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Transcatheter Aortic Valve Implantation

02 November 2009

Transcatheter Aortic Valve Implantation (TAVI) is a new procedure that has been introduced at London Bridge Hospital which can be used as an alternative to standard surgical aortic valve replacement.  The procedure is performed on the beating heart without the need for a sternotomy (an incision in the centre of the chest) or cardiopulmonary bypass (takes over the function of the heart and lungs during surgery).

The aortic valve is located between the left ventricle and the aorta, which is the main artery that takes blood from the heart to the body.  The aortic valve has three flaps or ‘cusps.’  Blood flows through the valve when the left ventricle contracts at the early stage of the heartbeat.  When the left ventricle relaxes the aortic valve closes and the mitral valve (which lies between the left atrium and the left ventricle) opens to allow more blood into the ventricle ready for the next heartbeat.  

Aortic stenosis refers to a narrowing of the aortic valve in the heart which restricts blood flow through the valve.  The heart then needs to contract harder to pump blood into the aorta.  Mild narrowing may not cause symptoms, however more severe narrowing can cause symptoms and lead to heart failure.  Surgery may then be needed to replace the valve.

The TAVI procedure involves a new valve being inserted via a catheter into the heart.  The catheter can be inserted into the body through a large blood vessel, usually found in the groin. Alternatively, it can be inserted directly into the heart through a small incision in the chest, under general anaesthetic.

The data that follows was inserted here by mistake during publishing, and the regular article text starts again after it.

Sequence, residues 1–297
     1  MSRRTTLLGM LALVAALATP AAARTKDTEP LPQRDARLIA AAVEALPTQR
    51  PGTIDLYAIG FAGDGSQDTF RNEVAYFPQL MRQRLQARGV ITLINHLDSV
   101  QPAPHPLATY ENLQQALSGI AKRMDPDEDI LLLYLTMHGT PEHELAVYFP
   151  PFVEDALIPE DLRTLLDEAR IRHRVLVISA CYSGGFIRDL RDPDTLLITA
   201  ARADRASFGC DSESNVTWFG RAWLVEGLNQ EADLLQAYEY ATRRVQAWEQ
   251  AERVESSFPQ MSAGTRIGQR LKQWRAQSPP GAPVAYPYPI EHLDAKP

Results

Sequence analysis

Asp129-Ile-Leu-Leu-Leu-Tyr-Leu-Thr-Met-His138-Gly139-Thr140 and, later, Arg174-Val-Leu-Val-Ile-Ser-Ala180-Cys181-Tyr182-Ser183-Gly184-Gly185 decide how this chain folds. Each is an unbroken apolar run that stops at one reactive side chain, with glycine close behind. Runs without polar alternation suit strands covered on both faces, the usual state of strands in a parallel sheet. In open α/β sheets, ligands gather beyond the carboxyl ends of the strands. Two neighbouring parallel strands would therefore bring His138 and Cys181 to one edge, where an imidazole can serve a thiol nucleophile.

In general TAVI should be performed for symptomatic severe degenerative aortic stenosis. It is expanding rapidly across the UK and is a technology that holds enormous potential.  It is currently be reserved for those patients that have been seen to by multidisciplinary team, including two surgeons and two interventional cardiologists, who consider TAVI to pose less risk to the patient than open heart surgery. 

The evidence on TAVI for aortic stenosis is limited to small numbers of patients who were considered to be at high risk for conventional cardiac surgery.  It shows good short-term efficacy but at present there is little evidence on long-term outcomes.  However patients on whom this procedure has been performed have a poor prognosis without treatment and are at a higher risk if treated by open heart surgery